Let’s just get the obvious out of the way and start with HP Lovecraft, shall we?
The oldest and strongest emotion of mankind is fear, and the oldest and strongest kind of fear is fear of the unknown.
As a side note, I’ve always found this quote to be richly ironic coming from Lovecraft, as I’ve never found his stuff terribly frightening with one or two possible exceptions (“The Whisperer in the Darkness” and “The Haunter of the Dark”). Usually his stories consist of a weirdo, a monster, and the monster coming to eat/claim/drive mad said weirdo. Once you’ve read one or two of them, you’ve got the formula down (with rare and important exceptions–“The Call of Cthulhu”, “The Shadow Out of Time”, and others, but those stories were always more ‘cool’ than ‘scary’, anyway). The ‘unknown’ and the fear thereof becomes significantly undermined if you already know, in loose detail, what’s going to happen.
At the heart of it, though, Lovecraft is spot-on. What is really, truly frightening is not knowing what you’re up against or how to combat it. If you doubt it, ask yourself this: if you saw an elephant walking down the street, would you be scared? Now, would you be more or less scared than if you saw an elephant walking down the street and had no idea what an elephant was at all? The second, clearly, and Lovecraft understood this. It’s just that his ability to plot didn’t quite keep up with his understanding of what makes something frightening.
In the end, if we’re trafficking in horror quotations, I prefer one by Stephen King:
The thing under my bed waiting to grab my ankle isn’t real. I know that, and I also know that if I’m careful to keep my foot under the covers, it will never be able to grab my ankle.
~from Night Shift
So, here’s the challenge in horror: to get your readers to believe, even for a moment, that there’s something there to grab them by the ankle. That’s more than simply the unknown. That’s the unknown that knows about you. That’s the unknown and the immediate. Lovecraft’s characters, who go wandering off over hill and over dale to seek out their madness, they’re asking for it. By contrast, that VHS tape in The Ring is right there, on your living room table. You just need to pop it in and aren’t you curious about it, after all? I can not know about elephants, but I won’t be scared of one until it’s stomping through my neighborhood. I need to believe that it’s possible. I need to draw the shades to keep the man-eating giant from looking inside.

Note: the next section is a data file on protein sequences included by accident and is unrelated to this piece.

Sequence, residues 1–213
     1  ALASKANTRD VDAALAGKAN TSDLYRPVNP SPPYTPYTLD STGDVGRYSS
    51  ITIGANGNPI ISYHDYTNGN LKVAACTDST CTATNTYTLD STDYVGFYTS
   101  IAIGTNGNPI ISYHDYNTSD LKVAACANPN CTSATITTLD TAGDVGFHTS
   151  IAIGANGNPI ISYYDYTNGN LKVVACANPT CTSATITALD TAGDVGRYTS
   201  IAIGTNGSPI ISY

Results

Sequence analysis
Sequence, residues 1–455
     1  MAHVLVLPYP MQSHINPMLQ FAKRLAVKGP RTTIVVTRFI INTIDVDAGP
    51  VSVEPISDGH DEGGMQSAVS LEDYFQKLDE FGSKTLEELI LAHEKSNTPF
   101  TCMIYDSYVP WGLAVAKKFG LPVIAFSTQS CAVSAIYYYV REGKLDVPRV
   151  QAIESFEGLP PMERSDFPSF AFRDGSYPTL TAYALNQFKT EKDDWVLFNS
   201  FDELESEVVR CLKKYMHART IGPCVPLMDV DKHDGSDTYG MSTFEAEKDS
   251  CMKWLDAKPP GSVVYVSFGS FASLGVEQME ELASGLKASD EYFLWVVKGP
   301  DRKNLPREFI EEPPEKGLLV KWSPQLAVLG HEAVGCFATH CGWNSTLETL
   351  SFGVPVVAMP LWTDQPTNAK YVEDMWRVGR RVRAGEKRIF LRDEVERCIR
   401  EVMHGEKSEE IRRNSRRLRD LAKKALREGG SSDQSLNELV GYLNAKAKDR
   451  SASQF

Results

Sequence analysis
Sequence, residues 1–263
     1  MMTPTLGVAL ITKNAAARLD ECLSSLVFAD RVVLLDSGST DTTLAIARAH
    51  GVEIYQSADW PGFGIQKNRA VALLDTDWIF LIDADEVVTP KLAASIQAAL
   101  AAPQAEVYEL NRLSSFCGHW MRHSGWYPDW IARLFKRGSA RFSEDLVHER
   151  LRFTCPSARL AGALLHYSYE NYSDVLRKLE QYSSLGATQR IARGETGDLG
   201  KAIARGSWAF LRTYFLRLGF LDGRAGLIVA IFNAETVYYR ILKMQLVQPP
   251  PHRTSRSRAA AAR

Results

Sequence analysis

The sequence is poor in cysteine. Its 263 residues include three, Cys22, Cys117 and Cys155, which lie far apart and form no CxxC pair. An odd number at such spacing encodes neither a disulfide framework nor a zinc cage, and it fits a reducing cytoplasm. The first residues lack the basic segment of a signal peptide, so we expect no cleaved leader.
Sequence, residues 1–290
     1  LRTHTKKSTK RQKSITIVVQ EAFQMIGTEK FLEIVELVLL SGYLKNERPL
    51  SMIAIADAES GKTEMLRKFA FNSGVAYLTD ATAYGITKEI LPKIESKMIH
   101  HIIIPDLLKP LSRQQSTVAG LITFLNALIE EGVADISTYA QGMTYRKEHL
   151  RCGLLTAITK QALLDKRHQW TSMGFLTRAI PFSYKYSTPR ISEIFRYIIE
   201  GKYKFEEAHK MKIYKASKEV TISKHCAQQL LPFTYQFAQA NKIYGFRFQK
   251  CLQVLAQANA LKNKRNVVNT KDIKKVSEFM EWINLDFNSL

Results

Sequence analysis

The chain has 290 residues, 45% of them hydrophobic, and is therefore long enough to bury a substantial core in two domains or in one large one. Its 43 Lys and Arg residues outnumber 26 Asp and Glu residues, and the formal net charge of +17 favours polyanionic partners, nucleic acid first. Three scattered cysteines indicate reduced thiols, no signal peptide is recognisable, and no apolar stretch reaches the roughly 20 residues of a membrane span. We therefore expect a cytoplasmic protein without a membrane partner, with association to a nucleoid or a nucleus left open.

I am not, by self-identification, a horror writer. I think part of it is because I’ve never had a horror book scare me, so I don’t quite get it. I’ve been told that things I’ve written and done have been creepy or scary, but I confess to not really understanding what they mean all the time. That said, I like horror. It’s fun to scare people. It is a rare and unique challenge.
Very soon I’m going to be starting up a gothic horror RPG (Ravenloft is the setting, for you nerds out there, and I’m using the FATE system), and I’ve been wracking my brain on how, when, and why to scare my players. One of the basic tricks is, of course, keeping them in the dark. You need to keep the enemy unknown to keep it scary; as soon as it makes its first on-screen appearance, it loses it’s magic. In RPGs, where players are so often obsessed with the minutiae of statistics, stunts, and dice, this is especially important. I can never describe something as a ‘vampire’ and have it work as a terrifying foe. I need to keep it’s identity in the dark for as long as possible, giving the players the sense that something is going to grab their ankle without actually making the swipe. It’s at that moment–at the moment when the scaly, taloned hand grasps the ankle, that ‘horror’ evaporates. We are then, at that precise moment, in an action scene.